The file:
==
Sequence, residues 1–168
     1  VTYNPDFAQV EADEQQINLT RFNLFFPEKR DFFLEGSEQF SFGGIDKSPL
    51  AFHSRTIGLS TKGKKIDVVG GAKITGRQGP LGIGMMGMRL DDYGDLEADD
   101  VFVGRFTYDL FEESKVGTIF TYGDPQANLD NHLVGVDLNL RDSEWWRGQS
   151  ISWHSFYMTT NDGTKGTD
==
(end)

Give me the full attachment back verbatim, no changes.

Sequence, residues 1–168
     1  VTYNPDFAQV EADEQQINLT RFNLFFPEKR DFFLEGSEQF SFGGIDKSPL
    51  AFHSRTIGLS TKGKKIDVVG GAKITGRQGP LGIGMMGMRL DDYGDLEADD
   101  VFVGRFTYDL FEESKVGTIF TYGDPQANLD NHLVGVDLNL RDSEWWRGQS
   151  ISWHSFYMTT NDGTKGTD